More dangerous

Casiple said this was more dangerous than “flying voters” or “dagdag-bawas” (vote-padding and vote-shaving) as it would be difficult to detect and trace the fraudulent entries in the machines.

Aside from population numbers, Namfrel also analyzed the number of registered voters based on the Comelec’s count as of March 2009, before the deadline for registration expired last October. [The registration was extended.]

Paralleling the sharp spike in population growth was the increase in number of registered voters in the ARMM, which enjoyed double-digit jump in 2009, Namfrel said.

Lanao del Sur’s voting population grew by 16 percent to 459,012 in 2009 from 396,722 in 2007; Sulu by 12 percent to 280,257 from 250,571; Tawi-Tawi by 11 percent to 156,027 from 140,232; and Basilan by 8 percent to 195,845 from 181,445.

Maguindanao recorded the biggest increase at 78 percent, from 336,774 to 601,057.

That all five provinces in the ARMM enjoyed robust increase in voting populations was peculiar, if compared with the region’s past data.

Comparing the 2000 and 2004, figures, Basilan and Maguindanao saw declines in the number of registered voters, at -14.5 percent and -15 percent, respectively. The other provinces experienced single-digit growths, the highest at 7.9 percent.

Namfrel also noted that the data on population growth and registered voters from various government institutions did not jive, leading to “absurd” findings.

Improbable ratios

A comparison of numbers—actual and projected—from the National Statistics Office, the NSCB and the Comelec shows “improbable” ratio of voters and population in several provinces, Namfrel said.

In Benguet province, for instance, the number of registered voters on the Comelec list was 328,010, as of March 2009.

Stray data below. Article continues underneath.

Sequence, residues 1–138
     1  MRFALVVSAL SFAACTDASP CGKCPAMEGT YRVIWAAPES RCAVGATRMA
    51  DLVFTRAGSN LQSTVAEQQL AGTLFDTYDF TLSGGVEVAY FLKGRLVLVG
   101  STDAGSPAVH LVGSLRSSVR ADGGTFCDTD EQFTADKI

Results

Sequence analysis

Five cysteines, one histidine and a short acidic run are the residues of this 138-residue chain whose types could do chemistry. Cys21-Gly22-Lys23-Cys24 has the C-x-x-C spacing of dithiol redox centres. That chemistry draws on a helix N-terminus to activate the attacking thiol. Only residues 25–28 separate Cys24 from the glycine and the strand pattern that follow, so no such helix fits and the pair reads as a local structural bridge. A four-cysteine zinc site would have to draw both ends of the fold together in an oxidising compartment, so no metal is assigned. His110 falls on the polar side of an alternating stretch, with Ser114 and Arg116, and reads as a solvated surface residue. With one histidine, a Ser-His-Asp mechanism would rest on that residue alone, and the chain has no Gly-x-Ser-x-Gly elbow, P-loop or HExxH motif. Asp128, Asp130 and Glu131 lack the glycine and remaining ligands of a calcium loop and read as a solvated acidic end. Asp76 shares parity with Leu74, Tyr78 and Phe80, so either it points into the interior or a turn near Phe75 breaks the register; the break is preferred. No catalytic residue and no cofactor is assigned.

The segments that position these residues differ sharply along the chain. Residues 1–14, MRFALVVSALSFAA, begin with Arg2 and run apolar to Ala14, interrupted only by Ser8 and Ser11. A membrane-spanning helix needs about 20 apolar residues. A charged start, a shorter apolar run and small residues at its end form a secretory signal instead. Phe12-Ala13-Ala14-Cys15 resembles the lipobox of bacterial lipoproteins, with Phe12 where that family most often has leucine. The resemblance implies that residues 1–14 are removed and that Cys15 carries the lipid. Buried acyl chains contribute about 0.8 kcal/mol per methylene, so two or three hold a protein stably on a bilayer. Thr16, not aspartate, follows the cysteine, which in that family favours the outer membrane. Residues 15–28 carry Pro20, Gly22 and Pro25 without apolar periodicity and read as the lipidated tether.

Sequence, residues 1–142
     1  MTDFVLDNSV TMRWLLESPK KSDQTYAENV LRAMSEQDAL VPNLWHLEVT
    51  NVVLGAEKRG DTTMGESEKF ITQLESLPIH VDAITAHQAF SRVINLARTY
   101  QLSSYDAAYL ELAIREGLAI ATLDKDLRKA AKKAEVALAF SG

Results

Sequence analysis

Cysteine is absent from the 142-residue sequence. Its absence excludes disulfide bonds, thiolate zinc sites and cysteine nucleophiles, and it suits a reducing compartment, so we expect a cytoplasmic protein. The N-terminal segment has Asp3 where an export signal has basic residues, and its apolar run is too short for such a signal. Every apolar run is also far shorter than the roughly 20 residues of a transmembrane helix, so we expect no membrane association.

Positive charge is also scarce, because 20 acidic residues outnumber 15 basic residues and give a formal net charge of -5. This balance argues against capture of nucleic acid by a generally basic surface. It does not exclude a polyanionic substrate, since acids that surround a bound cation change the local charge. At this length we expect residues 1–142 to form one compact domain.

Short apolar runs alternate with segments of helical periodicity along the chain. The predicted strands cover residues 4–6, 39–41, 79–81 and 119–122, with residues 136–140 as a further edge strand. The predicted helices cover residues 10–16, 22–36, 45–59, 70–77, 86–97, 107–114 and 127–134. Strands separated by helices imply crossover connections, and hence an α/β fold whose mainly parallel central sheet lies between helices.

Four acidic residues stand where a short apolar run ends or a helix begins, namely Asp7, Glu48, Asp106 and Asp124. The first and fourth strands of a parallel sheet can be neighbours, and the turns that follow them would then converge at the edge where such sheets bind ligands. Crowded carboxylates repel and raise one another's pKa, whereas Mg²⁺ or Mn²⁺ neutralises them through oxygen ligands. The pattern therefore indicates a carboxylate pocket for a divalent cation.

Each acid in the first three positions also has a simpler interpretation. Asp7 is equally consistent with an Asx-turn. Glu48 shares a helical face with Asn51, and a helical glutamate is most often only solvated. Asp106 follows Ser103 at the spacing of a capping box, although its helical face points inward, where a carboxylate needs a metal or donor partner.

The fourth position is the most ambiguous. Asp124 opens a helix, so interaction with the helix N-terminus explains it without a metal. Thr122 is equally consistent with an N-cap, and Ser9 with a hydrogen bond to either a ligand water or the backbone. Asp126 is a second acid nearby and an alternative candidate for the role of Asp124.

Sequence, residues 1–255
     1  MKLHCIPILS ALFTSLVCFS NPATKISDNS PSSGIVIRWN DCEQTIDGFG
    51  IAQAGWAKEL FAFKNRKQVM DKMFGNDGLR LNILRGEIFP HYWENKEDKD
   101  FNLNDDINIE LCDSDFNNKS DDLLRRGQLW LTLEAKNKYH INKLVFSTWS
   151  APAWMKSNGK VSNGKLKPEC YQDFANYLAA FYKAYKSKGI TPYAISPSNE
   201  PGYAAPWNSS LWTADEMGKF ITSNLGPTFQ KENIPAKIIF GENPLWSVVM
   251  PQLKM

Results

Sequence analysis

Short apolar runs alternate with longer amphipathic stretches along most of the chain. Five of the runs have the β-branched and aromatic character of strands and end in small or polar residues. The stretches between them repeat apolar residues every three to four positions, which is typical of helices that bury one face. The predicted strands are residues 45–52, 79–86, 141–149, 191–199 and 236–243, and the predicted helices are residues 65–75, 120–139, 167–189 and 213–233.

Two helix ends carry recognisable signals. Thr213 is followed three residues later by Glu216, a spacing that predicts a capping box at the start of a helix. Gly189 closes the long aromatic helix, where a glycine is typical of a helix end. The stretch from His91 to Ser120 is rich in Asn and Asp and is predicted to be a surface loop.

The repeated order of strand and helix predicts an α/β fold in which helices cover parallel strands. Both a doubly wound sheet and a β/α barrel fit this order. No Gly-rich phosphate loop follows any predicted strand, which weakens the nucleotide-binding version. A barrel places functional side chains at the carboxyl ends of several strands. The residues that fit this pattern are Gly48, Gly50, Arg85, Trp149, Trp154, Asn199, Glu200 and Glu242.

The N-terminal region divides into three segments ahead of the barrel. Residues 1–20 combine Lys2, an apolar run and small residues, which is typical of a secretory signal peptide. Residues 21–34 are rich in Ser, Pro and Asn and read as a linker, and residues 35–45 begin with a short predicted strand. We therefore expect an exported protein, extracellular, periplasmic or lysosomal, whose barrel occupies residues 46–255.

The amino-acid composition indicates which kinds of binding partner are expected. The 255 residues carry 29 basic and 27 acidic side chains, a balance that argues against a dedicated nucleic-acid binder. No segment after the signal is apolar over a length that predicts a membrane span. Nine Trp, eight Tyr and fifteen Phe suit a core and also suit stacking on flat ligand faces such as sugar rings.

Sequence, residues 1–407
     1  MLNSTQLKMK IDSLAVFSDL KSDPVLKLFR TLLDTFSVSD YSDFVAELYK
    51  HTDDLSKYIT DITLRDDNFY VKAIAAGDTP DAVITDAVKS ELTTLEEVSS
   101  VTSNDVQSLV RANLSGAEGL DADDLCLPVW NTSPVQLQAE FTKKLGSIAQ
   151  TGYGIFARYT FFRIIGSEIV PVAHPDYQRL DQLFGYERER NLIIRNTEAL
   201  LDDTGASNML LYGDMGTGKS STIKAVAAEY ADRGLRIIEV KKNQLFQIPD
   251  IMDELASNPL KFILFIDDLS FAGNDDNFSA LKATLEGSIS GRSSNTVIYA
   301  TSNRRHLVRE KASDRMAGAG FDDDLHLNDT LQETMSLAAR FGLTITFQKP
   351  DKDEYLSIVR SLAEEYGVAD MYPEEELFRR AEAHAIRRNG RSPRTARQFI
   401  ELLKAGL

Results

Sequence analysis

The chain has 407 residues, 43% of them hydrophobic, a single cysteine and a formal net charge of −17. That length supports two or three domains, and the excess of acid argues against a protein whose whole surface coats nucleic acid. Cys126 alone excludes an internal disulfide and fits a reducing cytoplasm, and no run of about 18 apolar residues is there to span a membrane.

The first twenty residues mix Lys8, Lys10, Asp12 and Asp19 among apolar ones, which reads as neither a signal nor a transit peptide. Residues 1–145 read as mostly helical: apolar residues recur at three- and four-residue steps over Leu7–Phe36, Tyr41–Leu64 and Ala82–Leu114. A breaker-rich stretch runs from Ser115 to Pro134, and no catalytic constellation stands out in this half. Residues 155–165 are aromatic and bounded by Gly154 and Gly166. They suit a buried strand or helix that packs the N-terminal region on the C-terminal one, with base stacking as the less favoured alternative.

Contrast this with the 2007 census that showed Benguet’s population at 372,533. As a result, the registered voters accounted for 88 percent of the total population.

Even if the population was adjusted to the 2009 level using NSCB’s projected growth rate of 1.9 percent, the percentage of adults was still a high 83 percent, way above the national average.

High voting population

Based on data from these sources, Namfrel identified other provinces with very high voting populations vis-à-vis their total populations. These are Lanao del Norte (87 percent), Misamis Oriental (87 percent), South Cotabato (83 percent), Zamboanga del Sur (96 percent), and Cebu (86 percent).

Namfrel said the average percentage of registered voters against population was 51 percent, “and it ranges from a low of 45 percent to a high of 60 percent for the different provinces.”

Thus, these data, Namfrel said, should ring alarm bells in the Comelec.

“Unless there are convincing and fool-proof explanations for these high numbers it is very likely that the data on the provinces mentioned above are suspect as erroneous,” it said.

Release voters’ registry

In a report card on the Comelec’s preparations for the country’s first automated elections, Namfrel said the improbabilities, when not corrected or acted upon promptly, could become grounds for disqualifying a candidate or even challenge a declaration of a conduct of truly fair and free elections.

Namfrel and other groups urged the poll body to release the computerized voters’ list as soon as possible so that they could check for multiple and double registrants before the precincts open on May 10.

The Comelec said the voters’ registry would be completed by the end of the month.

Original Story: http://newsinfo.inquirer.net/inquirerheadlines/nation/view/20100317-259133/Voting-populations-improbably-high